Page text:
C.D.C. Ends Chipotle Case With Illness Still a Mystery

Editors note: This Chipotle story has been on going for several months and has included misinformation on social media and some main stream sources as well. Articles and commentary, for the most part, appear to have come right out of the PR Department of Monsanto or some other pro-GMO ‘front group’.  The slant always is to minimize and/or demonize Chipotle for going non-GMO.  

The Chipotle restaurants have gone out of their way and bent over backwards to give their customers Non-GMO ingredients that are stored and served in a ‘food safe’ manner.  All 2,000 restaurants will close for a few hours tomorrow (Feb 8th) to hold food-safety meetings with employees.  (TLB) 

The E. coli outbreaks at Chipotle Mexican Grill restaurants in the United States appear to be over, but investigators have been unable to trace the cause of the sickness, federal authorities said on Monday. [Feb 1]

The Centers for Disease Control and Prevention said they had investigated two outbreaks that occurred last year: one in 11 states that sickened 55 people and another that sickened five people in three states. Twenty-two people were admitted to hospitals. There were no deaths.

The C.D.C. said in a statement that a common meal or ingredient served at the restaurants was a likely source of the outbreaks, but investigators were unable to specify the food or ingredient responsible for the contamination.

“Most ill people in these outbreaks ate many of the same food items at a Chipotle Mexican Grill restaurant,” the statement said. “When a restaurant serves foods with several ingredients that are mixed or cooked together and then used in multiple menu items, it can be more difficult for epidemiologic studies to identify the specific ingredient that is contaminated.”

On Monday [Feb 1], the company’s stock price closed up more than 4 percent. The company was scheduled to hold an investors’ conference call on Tuesday to discuss Chipotle’s last-quarter earnings.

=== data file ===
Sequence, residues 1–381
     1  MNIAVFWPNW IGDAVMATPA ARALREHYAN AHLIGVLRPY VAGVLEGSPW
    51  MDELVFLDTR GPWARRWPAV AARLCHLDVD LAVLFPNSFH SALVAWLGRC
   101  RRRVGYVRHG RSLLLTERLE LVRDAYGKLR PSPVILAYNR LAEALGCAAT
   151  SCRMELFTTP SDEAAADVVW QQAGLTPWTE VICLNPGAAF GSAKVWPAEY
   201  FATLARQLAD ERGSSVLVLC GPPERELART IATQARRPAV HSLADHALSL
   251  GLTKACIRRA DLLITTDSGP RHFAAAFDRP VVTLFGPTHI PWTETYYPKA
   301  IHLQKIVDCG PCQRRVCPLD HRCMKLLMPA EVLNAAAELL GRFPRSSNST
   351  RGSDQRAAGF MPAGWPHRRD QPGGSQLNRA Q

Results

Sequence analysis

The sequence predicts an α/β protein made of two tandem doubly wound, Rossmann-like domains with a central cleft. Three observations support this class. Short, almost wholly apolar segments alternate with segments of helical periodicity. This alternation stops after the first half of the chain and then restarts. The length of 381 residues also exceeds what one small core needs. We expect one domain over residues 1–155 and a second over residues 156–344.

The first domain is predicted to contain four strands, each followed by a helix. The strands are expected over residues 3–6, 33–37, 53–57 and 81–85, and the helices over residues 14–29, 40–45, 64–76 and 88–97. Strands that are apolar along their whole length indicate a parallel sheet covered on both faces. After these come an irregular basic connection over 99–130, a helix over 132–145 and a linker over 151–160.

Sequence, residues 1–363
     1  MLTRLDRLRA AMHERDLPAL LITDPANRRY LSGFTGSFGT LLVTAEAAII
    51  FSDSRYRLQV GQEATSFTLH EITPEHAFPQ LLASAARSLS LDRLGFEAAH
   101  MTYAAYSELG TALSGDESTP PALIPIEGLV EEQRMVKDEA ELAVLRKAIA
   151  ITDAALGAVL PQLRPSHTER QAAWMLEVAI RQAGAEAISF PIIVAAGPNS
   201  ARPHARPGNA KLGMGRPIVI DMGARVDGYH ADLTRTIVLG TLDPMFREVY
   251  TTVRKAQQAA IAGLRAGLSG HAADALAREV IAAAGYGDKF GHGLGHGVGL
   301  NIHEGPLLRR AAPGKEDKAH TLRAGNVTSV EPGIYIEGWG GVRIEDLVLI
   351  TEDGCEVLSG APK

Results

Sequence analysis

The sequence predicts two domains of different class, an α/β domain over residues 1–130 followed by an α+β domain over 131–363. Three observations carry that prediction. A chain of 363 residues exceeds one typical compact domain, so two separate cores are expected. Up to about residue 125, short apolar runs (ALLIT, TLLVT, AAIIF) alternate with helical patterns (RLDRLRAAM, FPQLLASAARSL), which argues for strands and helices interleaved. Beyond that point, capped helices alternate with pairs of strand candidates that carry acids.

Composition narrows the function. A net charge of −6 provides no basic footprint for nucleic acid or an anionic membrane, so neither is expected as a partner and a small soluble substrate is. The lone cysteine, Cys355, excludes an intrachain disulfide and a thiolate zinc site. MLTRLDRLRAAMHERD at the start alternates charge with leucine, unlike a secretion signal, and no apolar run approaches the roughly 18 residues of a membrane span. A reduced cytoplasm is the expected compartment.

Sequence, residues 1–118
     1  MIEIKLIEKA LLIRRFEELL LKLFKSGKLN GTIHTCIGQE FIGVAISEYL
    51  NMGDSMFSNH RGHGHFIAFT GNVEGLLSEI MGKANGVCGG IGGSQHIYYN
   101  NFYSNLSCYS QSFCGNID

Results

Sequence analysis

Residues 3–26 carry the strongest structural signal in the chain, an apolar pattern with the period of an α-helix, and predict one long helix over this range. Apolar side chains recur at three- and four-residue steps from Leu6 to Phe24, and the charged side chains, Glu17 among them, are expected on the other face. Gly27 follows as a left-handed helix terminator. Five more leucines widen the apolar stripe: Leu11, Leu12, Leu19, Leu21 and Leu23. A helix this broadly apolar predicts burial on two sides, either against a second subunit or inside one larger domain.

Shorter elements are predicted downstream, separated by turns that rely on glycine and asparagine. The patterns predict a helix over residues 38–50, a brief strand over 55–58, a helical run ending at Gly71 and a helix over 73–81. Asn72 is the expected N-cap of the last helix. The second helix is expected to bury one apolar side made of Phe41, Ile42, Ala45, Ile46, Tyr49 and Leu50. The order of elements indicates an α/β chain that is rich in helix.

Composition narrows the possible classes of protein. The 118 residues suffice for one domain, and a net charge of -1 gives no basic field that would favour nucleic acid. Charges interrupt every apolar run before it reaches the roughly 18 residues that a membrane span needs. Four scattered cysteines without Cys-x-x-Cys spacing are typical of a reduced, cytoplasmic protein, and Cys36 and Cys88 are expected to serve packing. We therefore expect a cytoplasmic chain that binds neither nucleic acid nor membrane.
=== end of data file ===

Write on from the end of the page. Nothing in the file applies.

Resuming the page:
A Chipotle spokesman, Chris Arnold, said in a statement on Monday [Feb 1] that the company was pleased that the C.D.C. had concluded its investigation.

“Over the past few months we have taken significant steps to improve the safety of all of the food we serve, and we are confident that the changes we have made mean that every item on our menu is delicious and safe,” he said.

The first outbreak was detected in October by health officials in Washington State and Oregon, and then other people who fell ill in other states were identified through Dec. 1. The second outbreak, of a different E. coli strain, was reported in November in Kansas, North Dakota and Oklahoma.

Chipotle has been trying to recover from the contaminations, which caused some of its customers to shun the restaurants. The chain, which has more than 2,000 locations, said last month that it would shut all its stores for several hours on Feb. 8 to hold food-safety meetings with employees.


Original article

TLB commends NY Times.com for factual reporting of this story.



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